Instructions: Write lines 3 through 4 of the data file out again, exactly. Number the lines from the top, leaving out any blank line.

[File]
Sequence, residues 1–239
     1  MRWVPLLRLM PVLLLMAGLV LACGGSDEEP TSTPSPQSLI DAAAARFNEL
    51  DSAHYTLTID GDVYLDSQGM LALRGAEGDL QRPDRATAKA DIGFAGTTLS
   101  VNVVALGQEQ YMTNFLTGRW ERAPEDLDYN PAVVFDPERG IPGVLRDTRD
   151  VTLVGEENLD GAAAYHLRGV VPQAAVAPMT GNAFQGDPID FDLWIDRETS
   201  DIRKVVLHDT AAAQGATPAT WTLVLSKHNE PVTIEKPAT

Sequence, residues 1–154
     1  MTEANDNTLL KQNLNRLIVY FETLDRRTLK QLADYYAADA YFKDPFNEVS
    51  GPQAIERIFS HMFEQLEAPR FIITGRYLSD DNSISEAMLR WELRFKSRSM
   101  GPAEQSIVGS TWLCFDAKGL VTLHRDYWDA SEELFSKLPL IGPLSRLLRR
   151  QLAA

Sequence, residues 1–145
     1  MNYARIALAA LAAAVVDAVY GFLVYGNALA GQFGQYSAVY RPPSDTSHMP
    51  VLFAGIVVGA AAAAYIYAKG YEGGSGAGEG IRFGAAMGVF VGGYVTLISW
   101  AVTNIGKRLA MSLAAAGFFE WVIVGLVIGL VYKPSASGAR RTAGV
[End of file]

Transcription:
    51  DSAHYTLTID GDVYLDSQGM LALRGAEGDL QRPDRATAKA DIGFAGTTLS
   101  VNVVALGQEQ YMTNFLTGRW ERAPEDLDYN PAVVFDPERG IPGVLRDTRD